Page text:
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Efficient query processing on graph databases

By James Sheung-Chak Cheng


Graph is a powerful modeling tool for representing and understanding objects and their relationships. In recent years, we have observed a rapid increase in the volume of graph data. However, the performance of query processing on large graph databases is still inadequate. In this thesis, we develop efficient methods for processing queries on large graph databases. Our work mainly focuses on two types of most popular graph databases: transaction graph databases that consist of a large set of small graphs (e.g., chemistry and bio-informatics databases) and large graphs (e.g., the Web and social networks). For transaction graph databases, we develop a novel index based on the concept of frequent subgraphs. We devise a clustering technique to partition the set of frequent subgraphs (FGs). Then, we organize the clusters into a multi-level search tree, where each tree node is an inverted-index. We further employ features to reduce the cost of index-probing at each inverted-index. The most distinguished feature of our index is that no candidate verification is required for processing queries that are FGs, whereas candidate verification is known to be the most expensive step using other existing graph indexes. For processing queries that are not FGs, we model the user queries as a stream and propose the concept of frequently asked queries (FAQs) over a sliding window in the stream, so that non-FG queries that are FAQs can also be answered without candidate verification. When a query is not an FG and not frequently asked, we utilize the FAQs to obtain a subset of the answer set such that verification is only required for a small subset of candidates. Our extensive experiments show that our index is orders of magnitude more efficient than the state-of-the-art graph indexes. We also devise an efficient update algorithm for maintaining the index. For large graphs, we propose a novel partition-and-conquer query processing paradigm. First, we partition a large graph into a set of small communities based on the concept of modularity. In this way, we can efficiently compute the connection between the query nodes that are in the same community since a community is significantly smaller. Then, we extend the intra-community connection to the inter-community level by utilizing a community hierarchy tree. We control the quality of the intra-community connection by computing the maximum amount of information flow of the nodes/paths in the answer graph, while the quality of the inter-community connection is also ensured by the community hierarchy. Our experimental results show that our algorithm obtains the same high-quality results as the state-of-the-art algorithm, but the speed is three orders of magnitudes faster and the memory consumption is also significantly lower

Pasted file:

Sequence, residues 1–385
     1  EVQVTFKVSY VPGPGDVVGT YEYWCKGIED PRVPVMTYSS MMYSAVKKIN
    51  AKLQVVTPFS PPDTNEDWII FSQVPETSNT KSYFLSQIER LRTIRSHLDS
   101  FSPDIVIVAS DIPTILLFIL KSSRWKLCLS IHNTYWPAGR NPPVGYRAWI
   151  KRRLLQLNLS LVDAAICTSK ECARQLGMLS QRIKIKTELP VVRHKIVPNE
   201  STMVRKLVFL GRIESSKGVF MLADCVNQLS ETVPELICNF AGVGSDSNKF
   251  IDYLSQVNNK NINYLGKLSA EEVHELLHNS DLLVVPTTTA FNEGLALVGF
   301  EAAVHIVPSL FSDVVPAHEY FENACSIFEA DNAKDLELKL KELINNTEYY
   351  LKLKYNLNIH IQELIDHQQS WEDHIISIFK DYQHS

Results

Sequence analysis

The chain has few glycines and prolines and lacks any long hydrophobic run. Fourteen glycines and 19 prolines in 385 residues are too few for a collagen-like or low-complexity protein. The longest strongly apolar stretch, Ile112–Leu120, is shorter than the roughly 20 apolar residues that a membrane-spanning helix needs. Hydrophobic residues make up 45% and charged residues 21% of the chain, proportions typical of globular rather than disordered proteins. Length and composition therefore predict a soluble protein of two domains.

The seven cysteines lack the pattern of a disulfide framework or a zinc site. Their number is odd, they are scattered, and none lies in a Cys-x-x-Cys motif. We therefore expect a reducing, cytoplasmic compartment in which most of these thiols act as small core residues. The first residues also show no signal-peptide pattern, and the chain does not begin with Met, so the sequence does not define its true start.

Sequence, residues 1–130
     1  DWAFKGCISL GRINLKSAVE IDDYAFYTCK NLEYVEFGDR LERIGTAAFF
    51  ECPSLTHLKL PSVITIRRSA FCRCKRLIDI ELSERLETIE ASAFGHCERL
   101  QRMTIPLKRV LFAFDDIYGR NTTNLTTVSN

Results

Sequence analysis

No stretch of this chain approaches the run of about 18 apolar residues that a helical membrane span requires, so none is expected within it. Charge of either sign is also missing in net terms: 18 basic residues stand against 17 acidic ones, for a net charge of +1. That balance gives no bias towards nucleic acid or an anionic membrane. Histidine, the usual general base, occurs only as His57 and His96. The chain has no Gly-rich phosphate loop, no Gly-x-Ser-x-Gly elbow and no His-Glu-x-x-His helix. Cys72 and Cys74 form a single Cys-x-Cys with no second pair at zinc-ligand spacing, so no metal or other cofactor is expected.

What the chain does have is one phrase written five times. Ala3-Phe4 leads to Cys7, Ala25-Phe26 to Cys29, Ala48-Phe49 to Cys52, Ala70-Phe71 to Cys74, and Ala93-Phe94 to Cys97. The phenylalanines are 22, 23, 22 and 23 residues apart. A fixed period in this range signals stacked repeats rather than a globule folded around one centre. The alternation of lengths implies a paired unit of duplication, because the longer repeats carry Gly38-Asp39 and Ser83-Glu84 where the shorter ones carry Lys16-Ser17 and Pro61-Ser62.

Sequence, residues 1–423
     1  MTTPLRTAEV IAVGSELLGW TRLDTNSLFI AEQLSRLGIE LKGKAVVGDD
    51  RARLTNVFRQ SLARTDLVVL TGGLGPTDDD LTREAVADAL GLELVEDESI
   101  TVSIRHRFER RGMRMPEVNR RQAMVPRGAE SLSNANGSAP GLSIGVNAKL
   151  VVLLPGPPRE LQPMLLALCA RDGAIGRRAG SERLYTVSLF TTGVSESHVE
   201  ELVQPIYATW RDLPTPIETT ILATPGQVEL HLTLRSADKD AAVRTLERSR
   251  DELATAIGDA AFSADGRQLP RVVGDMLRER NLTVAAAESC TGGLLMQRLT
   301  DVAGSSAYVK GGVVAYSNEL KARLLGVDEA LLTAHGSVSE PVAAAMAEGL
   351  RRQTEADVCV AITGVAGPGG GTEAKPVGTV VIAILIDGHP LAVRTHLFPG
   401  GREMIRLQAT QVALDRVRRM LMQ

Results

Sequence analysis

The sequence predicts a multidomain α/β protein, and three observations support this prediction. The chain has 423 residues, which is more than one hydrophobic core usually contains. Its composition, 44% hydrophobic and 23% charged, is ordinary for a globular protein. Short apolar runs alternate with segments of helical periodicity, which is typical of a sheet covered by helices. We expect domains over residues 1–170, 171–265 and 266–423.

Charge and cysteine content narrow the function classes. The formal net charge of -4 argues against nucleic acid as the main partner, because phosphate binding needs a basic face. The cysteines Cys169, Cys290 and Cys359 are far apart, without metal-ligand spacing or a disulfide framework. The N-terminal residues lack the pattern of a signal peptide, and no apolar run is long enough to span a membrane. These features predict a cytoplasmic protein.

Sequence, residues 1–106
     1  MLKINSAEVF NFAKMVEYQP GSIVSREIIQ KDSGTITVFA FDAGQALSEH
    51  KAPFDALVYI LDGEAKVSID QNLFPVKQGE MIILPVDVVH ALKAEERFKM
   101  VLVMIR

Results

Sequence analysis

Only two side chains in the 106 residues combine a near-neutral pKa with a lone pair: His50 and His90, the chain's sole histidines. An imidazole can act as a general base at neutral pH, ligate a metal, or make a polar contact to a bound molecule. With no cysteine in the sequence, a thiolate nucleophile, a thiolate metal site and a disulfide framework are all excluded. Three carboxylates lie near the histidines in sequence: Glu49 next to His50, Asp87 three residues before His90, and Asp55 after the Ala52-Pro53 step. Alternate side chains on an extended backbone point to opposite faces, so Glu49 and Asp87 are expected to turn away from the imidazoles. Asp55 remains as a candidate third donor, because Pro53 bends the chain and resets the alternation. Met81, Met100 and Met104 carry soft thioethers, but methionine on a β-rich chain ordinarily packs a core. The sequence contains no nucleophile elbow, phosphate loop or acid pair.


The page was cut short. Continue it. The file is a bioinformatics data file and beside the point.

Topics: Querying (Computer science), Graph theory -- Data processing
Year: 2008
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